Blanca Nino was told by her old doctor back when she lived in New York City that the feeling of dizziness she’d felt on and off for a few years would eventually come back.
Sure enough, this March, a little over a year after she moved to Thomasville, North Carolina, the 82-year-old’s vertigo returned.
“I laid down and, mainly on my right side, everything was moving around,” Nino said through her interpreter. “Then, when I would stand up to go to the restroom, I’d have to be holding onto walls or furniture everywhere because I couldn’t walk by myself.” Her condition, marked by severe sensations of spinning when the head moves, also lead to a fall.
As someone who is in great shape and is active for her age, Nino’s BPPV (benign paroxysmal positional vertigo) caused a big disruption in her day-to-day life, as well. While Nino has family in Thomasville, she lives by herself and was getting along well living independently until the vertigo came back.
Nino said her doctor suggested she try a form of physical therapy called vestibular rehabilitation with Angela Richardson, a physical therapist at Novant Health Rehabilitation Center in Thomasville , located on the campus of Novant Health Thomasville Medical Center.
While much of the public tends to think of physical therapy primarily for treating things like orthopedic injuries, physical therapy has been used for decades to treat BPPV and other so-called vestibular balance disorders. Such disorders are not uncommon with older adults, though they can strike at any age, Richardson said.
BPPV, specifically, is caused by a mechanical problem in the inner ear, where some calcium carbonate crystals (otoconia) become dislodged from their normal place in the ear and wind up in a new position where they cause the inner ear to send false signals to the brain.
“(Nino) had a lot of dizziness and spinning when she came in,” Richardson said. “If she turned her head quickly, she’d lose her balance. There was also what we call furniture-walking,” where patients lean on to tables and chairs as they navigate across a room.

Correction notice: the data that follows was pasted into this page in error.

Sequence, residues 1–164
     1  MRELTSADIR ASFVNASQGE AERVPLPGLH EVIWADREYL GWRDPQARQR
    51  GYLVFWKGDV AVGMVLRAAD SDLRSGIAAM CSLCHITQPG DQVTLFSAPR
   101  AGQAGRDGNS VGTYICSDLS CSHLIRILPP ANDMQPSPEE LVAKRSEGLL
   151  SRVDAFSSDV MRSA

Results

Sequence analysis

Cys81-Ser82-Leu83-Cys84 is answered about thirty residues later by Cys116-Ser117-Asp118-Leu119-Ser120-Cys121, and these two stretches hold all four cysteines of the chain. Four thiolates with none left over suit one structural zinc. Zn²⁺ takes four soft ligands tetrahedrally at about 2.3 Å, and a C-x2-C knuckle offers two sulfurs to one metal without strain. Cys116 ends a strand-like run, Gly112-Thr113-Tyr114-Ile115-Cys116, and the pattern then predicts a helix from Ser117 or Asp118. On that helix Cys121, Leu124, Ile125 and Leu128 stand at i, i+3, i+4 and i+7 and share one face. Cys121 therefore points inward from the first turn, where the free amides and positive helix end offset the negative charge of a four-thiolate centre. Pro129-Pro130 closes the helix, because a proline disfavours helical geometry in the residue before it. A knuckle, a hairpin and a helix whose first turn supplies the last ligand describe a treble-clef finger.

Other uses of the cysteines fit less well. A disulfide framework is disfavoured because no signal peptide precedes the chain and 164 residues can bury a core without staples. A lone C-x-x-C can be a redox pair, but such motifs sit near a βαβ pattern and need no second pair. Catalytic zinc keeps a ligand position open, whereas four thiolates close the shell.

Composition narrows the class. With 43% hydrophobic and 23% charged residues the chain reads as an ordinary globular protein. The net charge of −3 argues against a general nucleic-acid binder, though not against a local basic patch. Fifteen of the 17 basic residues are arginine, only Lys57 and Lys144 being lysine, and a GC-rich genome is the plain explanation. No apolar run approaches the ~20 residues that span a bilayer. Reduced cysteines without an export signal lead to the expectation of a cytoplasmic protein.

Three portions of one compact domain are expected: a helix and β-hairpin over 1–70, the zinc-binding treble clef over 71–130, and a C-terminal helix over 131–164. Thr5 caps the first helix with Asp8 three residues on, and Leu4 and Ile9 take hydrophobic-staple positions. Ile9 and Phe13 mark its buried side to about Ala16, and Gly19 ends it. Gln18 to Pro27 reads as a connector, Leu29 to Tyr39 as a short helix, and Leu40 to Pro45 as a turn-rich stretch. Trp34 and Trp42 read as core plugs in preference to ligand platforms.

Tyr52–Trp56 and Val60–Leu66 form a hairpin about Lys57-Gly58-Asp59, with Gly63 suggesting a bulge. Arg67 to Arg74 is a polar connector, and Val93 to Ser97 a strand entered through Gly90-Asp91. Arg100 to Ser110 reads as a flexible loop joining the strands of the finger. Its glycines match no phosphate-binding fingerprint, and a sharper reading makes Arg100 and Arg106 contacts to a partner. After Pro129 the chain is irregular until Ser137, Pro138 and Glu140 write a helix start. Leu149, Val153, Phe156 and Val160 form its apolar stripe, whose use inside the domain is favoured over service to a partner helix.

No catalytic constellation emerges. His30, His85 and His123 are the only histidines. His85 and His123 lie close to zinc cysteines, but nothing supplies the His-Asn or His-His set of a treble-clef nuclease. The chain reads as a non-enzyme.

The rehab process
Nino’s case was much more complex than the average patient’s with BPPV, Richardson said, because she also had hypofunction, meaning one inner ear was responding less than the other. Richardson said that both of Nino’s ears had been damaged in the past, most likely due to a virus. One ear was almost nonresponsive and the other was less responsive than the average person’s. “Usually someone in that situation, they’re a lot harder to get better,” Richardson said.
But Nino and Richardson were both determined to find a way.
In the beginning, Richardson had to help Nino identify what exactly was causing her dizziness. To do this she used Frenzel goggles, a diagnostic tool that patients wear over their eyes that make it easier for care providers to track eye movement. “When somebody has certain types of dizziness, when you do testing with them, you’ll see their eyes do a particular dance,” Richardson said. “The pattern of the dance tells you what’s causing their dizziness.”
Nino’s test confirmed BPPV. The “dance” for BPPV, Richardson said, is the eyes will twist with an up or down direction. Nino said she’d never used the goggles in the previous times she was treated with vertigo in New York. Nino said that Richardson was able to put her at ease with the technique — as well as other different components of her rehab — since she always patiently explained each new step. Communication was made easier with the help of Diana Gaviria, a translator provided by Novant Health.
In her first two visits, Richardson was able to diagnose and cure Nino’s vertigo, but important work still remained to improve Nino’s balance and movement.
It took five more visits and by late April, Richardson said Nino seemed completely different from when they’d first met. Nino’s vertigo and dizziness were gone and her balance was fully restored. Her ears still had some damage, Richardson said, but Nino would be able to go on with her active life.
“Thank you, Lord,” Nino said. “I’m feeling well and I’m really satisfied. It’s really bad to have it. I was planning to use a cane and said, ‘Why would I use a cane if I’m not limping?’”
Back to her life and routine
Richardson gave Nino some exercises that she can continue at home (lying down and getting up multiple times in a particular pattern) that could prevent vertigo from returning. The two also discussed plans for safety at home, including using night lights.
While Nino is retired, one of the things that keeps her in great physical shape is that she still walks door-to-door every day of the week, doing ministry as a member of a local Jehovah’s Witnesses congregation.
Nino said she’s back to doing everything she did before, including religious activities, cleaning, vacuuming, getting the mail and keeping up with her five children and their families, who live up and down the East Coast. After growing up in Colombia and spending much of her adult life in fast-paced New York City, said she’s really enjoying her life now in Thomasville.
And Nino’s smile and warm personality rub off on everyone she meets, including Richardson and Gaviria. Both say they are very glad to see their new friend is back on her feet.
Novant Health specializes in creating a customized care approach that meets the needs of patients and their families. Find a facility near you and learn more about the rehabilitation services that are available.